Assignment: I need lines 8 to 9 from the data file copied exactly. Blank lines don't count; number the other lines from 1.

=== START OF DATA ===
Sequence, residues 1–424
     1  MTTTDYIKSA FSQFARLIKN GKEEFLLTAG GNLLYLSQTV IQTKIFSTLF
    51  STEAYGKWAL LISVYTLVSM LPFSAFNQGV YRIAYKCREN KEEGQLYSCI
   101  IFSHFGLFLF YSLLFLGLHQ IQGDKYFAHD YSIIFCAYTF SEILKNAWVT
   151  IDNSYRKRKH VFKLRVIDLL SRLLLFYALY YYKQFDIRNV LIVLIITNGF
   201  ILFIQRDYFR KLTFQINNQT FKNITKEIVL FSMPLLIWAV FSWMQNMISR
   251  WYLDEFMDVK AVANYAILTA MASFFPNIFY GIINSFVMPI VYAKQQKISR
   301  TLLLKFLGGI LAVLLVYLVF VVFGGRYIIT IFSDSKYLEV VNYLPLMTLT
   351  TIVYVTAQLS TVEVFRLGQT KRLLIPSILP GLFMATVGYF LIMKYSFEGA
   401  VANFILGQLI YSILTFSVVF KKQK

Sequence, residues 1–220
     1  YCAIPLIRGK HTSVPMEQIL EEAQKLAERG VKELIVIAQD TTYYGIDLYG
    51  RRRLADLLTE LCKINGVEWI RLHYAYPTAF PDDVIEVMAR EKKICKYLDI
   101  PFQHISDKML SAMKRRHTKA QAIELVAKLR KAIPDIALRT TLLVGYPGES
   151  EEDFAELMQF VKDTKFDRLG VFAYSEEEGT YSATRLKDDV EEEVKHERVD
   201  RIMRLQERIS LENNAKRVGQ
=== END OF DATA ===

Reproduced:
   301  TLLLKFLGGI LAVLLVYLVF VVFGGRYIIT IFSDSKYLEV VNYLPLMTLT
   351  TIVYVTAQLS TVEVFRLGQT KRLLIPSILP GLFMATVGYF LIMKYSFEGA